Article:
Vegetation classification and descriptions in the USGS land cover database are built on characteristics of vegetation seasonality determined in terms of AVHRR NDVI. In the database, unique NDVI signatures and associated attributes such as terrain and ecoregions characterise large-area land cover patterns. The magnitude of integrated NDVI over the length of the temporal period helped separate successively decreasing vegetation biomass, from healthy, dense forestlands to open woodland, shrub and grass, and sparse land cover. On the other hand, seasonal variations were investigated to partially support identification of vegetation physiognomy (e.g. separating deciduous from evergreen forests). The use of both integrated NDVI and seasonal NDVI variations has been found useful in applications such as monitoring large-area vegetation inter-annual variations (Reed et al. 1994) and mapping tropical deforestation and fragmentation (Skole and Tucker, 1993).
Because the USGS seasonal land cover database was not intended to optimize for forest cover, no direct relationship exits to enable a simple conversion of the seasonal land cover classes to the six FAO classes. Rather, a two-step methodology has been designed that allows certain interactive flexibility in deriving and correcting for the FAO classes.
§ Adapting the USGS seasonal land cover classes to the FAO classification. The full USGS seasonal land cover classes are used as the baseline data, on the continent-by-continent basis. The refinement methods to fit USGS classes to FAO definitions are similar to the methods used in producing these USGS classes, namely that refinements depend on local conditions of land cover and rely on a careful study of all available evidence. The country-level forest database maintained by FAO is also used as a general reference for country level forest classification. Loveland et al. (in press) describes the overall approach in detail. Class merges and splits are aided by ancillary data sets such as ecoregions and digital elevation models. Spectral reclustering as well as user defined polygon splits are also used. This approach has been found to be effective for many seasonal land cover classes, including most nonforest classes such as sparsely vegetated areas. However, some highly mixed land cover patterns require further analysis to differentiate both mixture conditions and the degree of forest canopy openness.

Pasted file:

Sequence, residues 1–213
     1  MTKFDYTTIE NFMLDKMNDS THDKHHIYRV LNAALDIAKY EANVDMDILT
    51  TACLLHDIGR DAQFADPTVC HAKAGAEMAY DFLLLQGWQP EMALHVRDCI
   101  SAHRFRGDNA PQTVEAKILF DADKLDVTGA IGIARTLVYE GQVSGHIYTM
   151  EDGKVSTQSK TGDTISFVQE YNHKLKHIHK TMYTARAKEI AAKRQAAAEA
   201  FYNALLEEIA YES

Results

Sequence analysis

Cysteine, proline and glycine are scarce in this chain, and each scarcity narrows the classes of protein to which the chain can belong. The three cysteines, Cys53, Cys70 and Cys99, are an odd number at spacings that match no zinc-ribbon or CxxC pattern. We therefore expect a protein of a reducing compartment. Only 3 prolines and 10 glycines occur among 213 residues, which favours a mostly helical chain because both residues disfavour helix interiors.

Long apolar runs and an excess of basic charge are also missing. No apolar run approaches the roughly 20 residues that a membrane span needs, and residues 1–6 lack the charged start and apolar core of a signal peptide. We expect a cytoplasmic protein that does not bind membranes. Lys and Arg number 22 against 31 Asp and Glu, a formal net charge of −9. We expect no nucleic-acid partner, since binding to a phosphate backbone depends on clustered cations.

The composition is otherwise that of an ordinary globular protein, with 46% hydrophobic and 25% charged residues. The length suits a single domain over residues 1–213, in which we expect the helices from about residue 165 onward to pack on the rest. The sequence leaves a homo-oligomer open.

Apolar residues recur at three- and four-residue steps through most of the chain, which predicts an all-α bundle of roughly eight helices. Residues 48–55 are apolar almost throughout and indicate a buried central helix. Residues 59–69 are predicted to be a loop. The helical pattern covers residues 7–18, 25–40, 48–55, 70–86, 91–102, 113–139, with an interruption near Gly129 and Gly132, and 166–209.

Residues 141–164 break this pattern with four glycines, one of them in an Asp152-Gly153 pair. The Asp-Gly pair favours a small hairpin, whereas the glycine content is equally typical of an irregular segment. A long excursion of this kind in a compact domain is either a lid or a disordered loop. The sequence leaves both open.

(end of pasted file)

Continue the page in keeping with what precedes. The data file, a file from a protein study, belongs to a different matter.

§ Estimating percent forest cover using two techniques. The concept of spectral mixture analysis quantifies pixels as fractions of basic surface components (Smith et al., 1990, Wessman et al. 1996), or “endmembers”, such as green vegetation, soil, and shade. It is generally understood that, in relatively small study areas and with sufficient spectral information, unique and representative endmembers can be identified to produce reasonable results. Unfortunately, endmember fractions do not directly correspond to forest fractions, closed forests can consist of mixtures of green vegetation, and shade (Roberts, et al., 1991). This, together with limited spectral bands and large mapping area, led to the development of a combined linear mixture modeling and NDVI scaling approach.
In the combined approach, the traditional unmixing method is modified slightly to apply only to bright pixels (pixels with high reflectance) in AVHRR bands 2 (infrared) and 1 (visible) spectral space. These bright pixels tend to be mixtures of forest (particularly deciduous forest), cropland, and bare soil having high reflectance in these bands. These cover types are treated as endmembers and the bright pixels are unmixed on each monthly AVHRR composite. Fraction classes range from closed forest to open forest, fragmented forest, and nonforest land cover. Dark pixels (low reflectance) in AVHRR bands 1 and 2, on the other hand, are generally found to be indicative of more undisturbed forests, particularly conifer forests. However these dense forests can be confused with low illumination or flooding. A scaled NDVI is a better indicator of forest density than mixture analysis for these dark pixels. Closed forests, open forest, and woody savanna are found to be closely related to decreasing NDVI, approximately between 0.8 and 0.3.
To provide the least atmospherically affected result, final percent forest cover is determined over the course of the year based n the maximum monthly forest cover value achieved, regardless of the methods chosen (mixture analysis or scaled NDVI). Figure 1 illustrates the two techniques used in estimating percent forest cover. The selection of endmembers and determination of what pixels are bright or dark are based on studies of the imagery and vary between regions. This modeling process is used to guide decisions on the difficult or mixed seasonal classes from the first step. The modeling process determines the level of forest fragmentation if forest density is from the modified mixture analysis; whiles separation of various types of forest and woodland from other land cover is based on results from the linear NDVI scaling. Because of varying ecological conditions within and between continents, flexible regional rules are developed according to reference data in determining forest density threshold values for the FAO forest classes.